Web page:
'PESSIMISM' UNDERSCORES FINDINGS OF NEW ISRAELI-PALESTINIAN PUBLIC OPINION POLL
Table of Contents:
- A Pessimistic Outlook
- Reserved Support for the Cease-fire and the Mitchell Report
- Impact of the Intifada on reconciliation sentiments
- Economic Impact of the Intifada
The poll, conducted by the Palestinian Center for Policy and Survey Research and the Harry S. Truman Research Institute for the Advancement of Peace at the Hebrew University of Jerusalem, finds that the Palestinians are determined to continue their struggle and Israelis strongly support PM Sharon's current policy.
A joint survey of Palestinian and Israeli public opinion, conducted between July 5-11 2001, finds that both publics are pessimistic concerning the long-term prospects of renewing the peace process.
Forty one percent of the Israelis and 46 percent of the Palestinians believe that there is no chance to reach a peace agreement in the foreseeable future
The joint poll, conducted by the Palestinian Center for Policy and Survey Research (PSR) in Ramallah and the Harry S. Truman Research Institute for the Advancement of Peace at the Hebrew University, Jerusalem, is the second in an ongoing research project into the opinions of the two publics. The first poll was conducted in July 2000 at the wake of the Camp David summit. The current poll was designed to examine the impact of the year-long armed confrontations on the attitudes towards peace and reconciliation.
The poll was planned and supervised by Dr. Yaacov Shamir, professor of Communication and at the Hebrew University and Dr. Khalil Shikaki, professor of Political Science and director of PSR. The two surveys included identical questions. A representative sample of 1318 Palestinians in 120 locations in the West Bank Gaza Strip and East Jerusalem was interviewed face-to-face with a sampling error of 3%. A representative sample of 1019 Israelis (519 Jews and 500 Arabs) was interviewed by telephone (sampling error of 3.9%). The interviews were conducted between July 5-11.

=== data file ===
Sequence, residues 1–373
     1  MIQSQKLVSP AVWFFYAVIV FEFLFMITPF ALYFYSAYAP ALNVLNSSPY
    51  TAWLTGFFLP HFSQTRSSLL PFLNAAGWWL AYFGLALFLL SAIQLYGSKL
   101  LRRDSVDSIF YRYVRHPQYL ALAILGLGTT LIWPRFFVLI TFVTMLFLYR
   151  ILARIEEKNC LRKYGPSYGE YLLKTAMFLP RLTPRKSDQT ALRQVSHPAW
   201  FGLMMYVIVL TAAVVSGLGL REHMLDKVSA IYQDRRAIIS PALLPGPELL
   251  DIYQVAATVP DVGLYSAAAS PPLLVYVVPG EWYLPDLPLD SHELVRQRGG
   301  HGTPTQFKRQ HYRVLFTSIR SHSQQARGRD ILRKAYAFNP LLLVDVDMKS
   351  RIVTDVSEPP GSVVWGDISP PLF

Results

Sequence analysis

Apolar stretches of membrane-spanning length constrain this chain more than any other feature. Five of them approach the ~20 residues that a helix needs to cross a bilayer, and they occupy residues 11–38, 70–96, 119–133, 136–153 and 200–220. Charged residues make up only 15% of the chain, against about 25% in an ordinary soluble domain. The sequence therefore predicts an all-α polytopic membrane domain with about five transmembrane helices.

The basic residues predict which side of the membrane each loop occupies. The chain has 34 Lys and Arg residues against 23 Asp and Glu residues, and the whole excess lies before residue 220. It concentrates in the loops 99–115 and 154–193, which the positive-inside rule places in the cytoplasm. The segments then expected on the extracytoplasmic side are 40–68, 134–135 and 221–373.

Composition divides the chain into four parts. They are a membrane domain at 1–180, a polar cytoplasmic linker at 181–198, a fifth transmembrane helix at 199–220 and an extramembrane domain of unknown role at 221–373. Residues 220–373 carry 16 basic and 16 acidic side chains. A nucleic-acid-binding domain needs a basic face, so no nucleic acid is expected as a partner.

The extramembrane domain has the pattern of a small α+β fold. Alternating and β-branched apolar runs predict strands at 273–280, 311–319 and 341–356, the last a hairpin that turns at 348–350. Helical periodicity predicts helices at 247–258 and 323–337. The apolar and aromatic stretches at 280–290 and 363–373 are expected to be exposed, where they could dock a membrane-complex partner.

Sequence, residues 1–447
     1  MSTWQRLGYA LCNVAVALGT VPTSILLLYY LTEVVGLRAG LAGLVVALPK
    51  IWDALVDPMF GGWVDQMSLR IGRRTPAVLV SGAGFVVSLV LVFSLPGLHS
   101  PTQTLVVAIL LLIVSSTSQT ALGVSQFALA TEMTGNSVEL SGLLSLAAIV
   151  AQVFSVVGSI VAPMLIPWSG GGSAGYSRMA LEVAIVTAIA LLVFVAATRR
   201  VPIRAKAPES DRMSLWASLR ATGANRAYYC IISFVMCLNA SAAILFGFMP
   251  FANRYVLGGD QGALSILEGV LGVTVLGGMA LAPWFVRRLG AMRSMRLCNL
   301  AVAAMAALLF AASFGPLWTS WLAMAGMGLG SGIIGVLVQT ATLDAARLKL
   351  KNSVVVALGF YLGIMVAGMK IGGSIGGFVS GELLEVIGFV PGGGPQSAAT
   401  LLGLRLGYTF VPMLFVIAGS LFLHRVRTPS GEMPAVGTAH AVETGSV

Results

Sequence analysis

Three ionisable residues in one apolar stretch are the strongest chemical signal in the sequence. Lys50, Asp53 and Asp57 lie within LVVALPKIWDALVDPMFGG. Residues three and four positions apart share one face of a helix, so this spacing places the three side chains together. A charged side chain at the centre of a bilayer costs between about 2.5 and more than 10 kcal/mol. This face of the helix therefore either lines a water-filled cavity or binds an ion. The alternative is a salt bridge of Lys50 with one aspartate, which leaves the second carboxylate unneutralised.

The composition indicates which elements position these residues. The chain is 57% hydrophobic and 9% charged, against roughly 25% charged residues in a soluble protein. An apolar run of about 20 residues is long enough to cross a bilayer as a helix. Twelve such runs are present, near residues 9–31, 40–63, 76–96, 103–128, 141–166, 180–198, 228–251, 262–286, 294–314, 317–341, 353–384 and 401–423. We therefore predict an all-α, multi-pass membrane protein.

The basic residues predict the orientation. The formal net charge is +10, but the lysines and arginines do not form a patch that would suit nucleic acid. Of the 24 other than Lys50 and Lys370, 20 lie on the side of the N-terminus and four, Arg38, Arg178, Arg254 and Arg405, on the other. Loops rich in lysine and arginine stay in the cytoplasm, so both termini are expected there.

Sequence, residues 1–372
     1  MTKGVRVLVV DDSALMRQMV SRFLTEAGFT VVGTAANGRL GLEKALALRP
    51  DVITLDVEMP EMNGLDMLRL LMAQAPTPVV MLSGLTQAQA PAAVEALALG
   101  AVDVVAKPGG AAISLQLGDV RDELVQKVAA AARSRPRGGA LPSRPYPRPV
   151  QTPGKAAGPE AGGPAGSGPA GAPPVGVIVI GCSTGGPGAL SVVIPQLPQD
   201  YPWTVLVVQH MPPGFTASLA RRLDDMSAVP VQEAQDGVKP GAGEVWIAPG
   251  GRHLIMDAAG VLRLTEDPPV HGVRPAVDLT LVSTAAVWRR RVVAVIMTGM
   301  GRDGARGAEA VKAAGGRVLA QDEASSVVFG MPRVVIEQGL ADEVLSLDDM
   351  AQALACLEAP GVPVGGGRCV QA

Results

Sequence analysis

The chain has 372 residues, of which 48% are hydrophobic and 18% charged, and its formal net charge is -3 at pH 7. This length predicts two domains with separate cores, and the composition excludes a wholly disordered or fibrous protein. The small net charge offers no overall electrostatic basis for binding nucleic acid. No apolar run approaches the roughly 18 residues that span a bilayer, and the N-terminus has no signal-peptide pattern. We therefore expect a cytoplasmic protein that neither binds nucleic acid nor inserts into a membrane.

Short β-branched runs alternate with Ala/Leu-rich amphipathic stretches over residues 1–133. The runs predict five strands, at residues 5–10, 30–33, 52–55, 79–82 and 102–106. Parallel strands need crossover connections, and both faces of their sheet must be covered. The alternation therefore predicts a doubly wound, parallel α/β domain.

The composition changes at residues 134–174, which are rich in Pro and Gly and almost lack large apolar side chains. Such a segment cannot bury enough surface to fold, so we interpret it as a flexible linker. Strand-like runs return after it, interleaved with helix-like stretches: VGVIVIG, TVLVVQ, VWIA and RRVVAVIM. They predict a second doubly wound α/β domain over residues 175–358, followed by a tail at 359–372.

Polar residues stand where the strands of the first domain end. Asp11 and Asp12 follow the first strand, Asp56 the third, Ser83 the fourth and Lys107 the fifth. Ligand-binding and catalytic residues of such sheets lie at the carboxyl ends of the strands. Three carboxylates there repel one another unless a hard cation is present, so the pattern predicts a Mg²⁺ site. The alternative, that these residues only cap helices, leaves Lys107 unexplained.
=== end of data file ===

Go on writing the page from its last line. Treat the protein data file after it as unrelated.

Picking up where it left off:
The following summary highlights the findings of the joint poll. For further details on the Palestinian survey, contact Dr. Khalil Shikaki at Tel: 02-2964933 or email email@example.com. On the Israeli survey, contact Dr. Yaacov Shamir at Tel: 03-6419429 or email firstname.lastname@example.org.
Palestinian-Israeli Public Opinion Poll, July 2001
Summary of Results
I. A Pessimistic Outlook
The overall picture emerging from the surveys is pessimistic with regard to the prospects of renewing the peace process. This pessimism both feeds and is a result of the ongoing violent confrontations between Israel and the Palestinians. Consequently, the Palestinians are determined to continue their armed struggle while Israelis by and large support Sharon's current policy.
The pessimistic outlook is expressed mainly in both publics' assessment of what will happen in the long run. Forty one percent of the Israelis and 46 percent of the Palestinians believe that there is no chance to reach a peace agreement in the foreseeable future, compared to only 19 percent of the Israelis and 23 percent of the Palestinians who felt so immediately after the Camp David summit.
Similarly, 59 percent of the Palestinians and 46 percent of the Israelis characterize their relations five to ten years from now as conflictual and violent, compared to 31 percent of the Palestinians and 10 percent of the Israelis who felt so a year ago.
II. Reserved Support for the Cease-fire and the Mitchell Report
While both publics support their government's decision to accept the Mitchell report which calls for a cease-fire and a freeze on settlements (50% of Palestinians and 68% of the Israelis), and a return to the negotiation table (63% of Palestinians and 66% of Israelis), fifty percent of the Israelis oppose continuing the negotiations from where they stopped at Taba compared to only 33% of the Palestinians. Despite support for the cease-fire, Palestinians' support for armed attacks continues to be strong.